Introduction: How to Wall Mount a Television (using a Cheetah Mount)

Cheetah Mounts are enormously popular on Amazon. As of this writing, 1557 reviewers have given the model APTMM2B mount a 4.8 star average review. Since the vast majority of the reviews are positive and the mount costs less than $30, I bought one to mount a television in my bedroom.

This is an easy project. The mount actually comes with decent directions, but many Amazon readers complained that the directions were difficult to follow. Since this is a project that many beginners take on, I'll describe the installation process as simply and vividly as possible. There will be many pictures. And I'll do my best to describe workarounds to help you avoid purchasing or borrowing extra tools. 

Basically, my goal is to point friends and family to this 'ible rather than getting roped into doing the project for them. I'd also like to address the needs of the guy who shared the following review. (Holla atcha boy, Jeffrey S. Binford.)

The install instructions were the worst I have ever seen in my entire life. There were extra parts not even listed in the manual, the holes were drilled in the wrong spot, the washers were too small...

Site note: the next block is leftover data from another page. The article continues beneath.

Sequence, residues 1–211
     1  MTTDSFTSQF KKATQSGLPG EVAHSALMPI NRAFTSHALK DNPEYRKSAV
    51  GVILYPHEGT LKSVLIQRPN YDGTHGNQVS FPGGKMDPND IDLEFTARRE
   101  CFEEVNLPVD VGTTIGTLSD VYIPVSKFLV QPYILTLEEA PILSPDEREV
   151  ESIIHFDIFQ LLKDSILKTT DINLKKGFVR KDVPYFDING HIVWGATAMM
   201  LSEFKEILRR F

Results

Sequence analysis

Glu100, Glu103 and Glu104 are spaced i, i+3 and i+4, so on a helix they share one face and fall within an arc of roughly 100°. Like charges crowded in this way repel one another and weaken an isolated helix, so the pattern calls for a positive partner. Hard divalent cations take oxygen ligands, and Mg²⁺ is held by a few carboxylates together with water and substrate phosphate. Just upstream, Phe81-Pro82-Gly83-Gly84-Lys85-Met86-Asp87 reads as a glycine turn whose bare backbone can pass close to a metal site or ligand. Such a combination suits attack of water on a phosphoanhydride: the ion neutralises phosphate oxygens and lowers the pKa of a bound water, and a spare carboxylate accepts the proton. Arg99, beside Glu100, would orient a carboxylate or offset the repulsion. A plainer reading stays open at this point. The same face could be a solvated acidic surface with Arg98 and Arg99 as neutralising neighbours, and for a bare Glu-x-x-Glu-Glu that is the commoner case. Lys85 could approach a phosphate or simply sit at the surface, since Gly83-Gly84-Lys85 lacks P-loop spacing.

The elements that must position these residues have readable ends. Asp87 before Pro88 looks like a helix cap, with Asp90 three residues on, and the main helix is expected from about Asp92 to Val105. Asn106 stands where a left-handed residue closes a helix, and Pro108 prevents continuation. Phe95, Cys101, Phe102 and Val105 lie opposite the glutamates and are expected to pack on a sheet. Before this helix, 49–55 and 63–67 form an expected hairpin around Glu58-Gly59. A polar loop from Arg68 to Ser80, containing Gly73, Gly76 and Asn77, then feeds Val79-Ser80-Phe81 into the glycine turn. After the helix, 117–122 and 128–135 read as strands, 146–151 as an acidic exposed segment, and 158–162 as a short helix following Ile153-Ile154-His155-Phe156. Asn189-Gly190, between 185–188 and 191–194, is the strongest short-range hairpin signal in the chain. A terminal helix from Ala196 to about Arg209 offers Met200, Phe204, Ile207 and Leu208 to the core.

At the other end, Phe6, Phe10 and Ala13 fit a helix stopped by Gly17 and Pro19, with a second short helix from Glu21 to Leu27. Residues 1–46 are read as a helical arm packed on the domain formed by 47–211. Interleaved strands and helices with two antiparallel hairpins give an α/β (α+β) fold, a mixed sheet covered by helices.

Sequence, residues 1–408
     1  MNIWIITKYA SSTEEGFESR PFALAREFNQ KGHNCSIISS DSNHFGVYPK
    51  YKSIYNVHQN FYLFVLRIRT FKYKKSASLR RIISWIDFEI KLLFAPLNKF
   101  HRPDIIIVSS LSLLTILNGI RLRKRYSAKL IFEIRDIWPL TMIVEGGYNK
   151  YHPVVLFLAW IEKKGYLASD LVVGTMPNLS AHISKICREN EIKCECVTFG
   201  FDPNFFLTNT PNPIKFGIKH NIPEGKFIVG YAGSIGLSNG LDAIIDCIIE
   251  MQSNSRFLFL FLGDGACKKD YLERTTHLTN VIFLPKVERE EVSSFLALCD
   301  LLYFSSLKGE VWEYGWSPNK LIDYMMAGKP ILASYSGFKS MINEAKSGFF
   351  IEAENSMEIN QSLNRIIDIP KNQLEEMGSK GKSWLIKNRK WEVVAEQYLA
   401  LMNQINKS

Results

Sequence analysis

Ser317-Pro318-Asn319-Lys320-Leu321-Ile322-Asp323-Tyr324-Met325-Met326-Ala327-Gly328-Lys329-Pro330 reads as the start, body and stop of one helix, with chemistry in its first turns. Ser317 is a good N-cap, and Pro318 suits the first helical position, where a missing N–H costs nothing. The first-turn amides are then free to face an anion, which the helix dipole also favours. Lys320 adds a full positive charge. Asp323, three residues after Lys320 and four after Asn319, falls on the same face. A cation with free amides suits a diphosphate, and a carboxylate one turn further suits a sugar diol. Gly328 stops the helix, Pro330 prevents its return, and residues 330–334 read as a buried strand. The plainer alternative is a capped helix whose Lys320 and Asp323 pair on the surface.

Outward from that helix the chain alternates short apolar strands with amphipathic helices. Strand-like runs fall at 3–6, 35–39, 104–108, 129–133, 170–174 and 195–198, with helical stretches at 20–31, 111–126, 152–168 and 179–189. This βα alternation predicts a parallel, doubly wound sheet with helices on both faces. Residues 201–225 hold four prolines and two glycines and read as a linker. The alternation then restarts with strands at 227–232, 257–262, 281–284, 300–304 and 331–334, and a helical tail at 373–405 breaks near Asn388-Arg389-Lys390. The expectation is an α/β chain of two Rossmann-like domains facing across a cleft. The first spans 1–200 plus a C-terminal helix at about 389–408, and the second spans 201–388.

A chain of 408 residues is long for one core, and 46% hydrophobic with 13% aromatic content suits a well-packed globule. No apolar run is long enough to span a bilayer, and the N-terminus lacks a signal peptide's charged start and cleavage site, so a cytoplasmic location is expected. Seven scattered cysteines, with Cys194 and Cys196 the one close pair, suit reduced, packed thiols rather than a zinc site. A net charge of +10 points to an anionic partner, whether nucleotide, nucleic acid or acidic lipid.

This shouldn't take more than an hour and a half. That includes enough time to make two egregious mistakes and one small snafu. Not that you would, but this is a DIY time estimate, and nobody ever believes those. A beginner can easily do this inside of an hour.

Step 1: Tools and Parts

Here's what you'll need:

Wall Mount & Television

These are rather important.


You will need to mark your holes. Pencils are good for making erasable marks.


Depending on your wall situation, you may need something special. If your walls are drywall over 2x4s, you'll be fine with any type of drill. If your walls are concrete block or masonry, you might need a hammer drill with a special bit.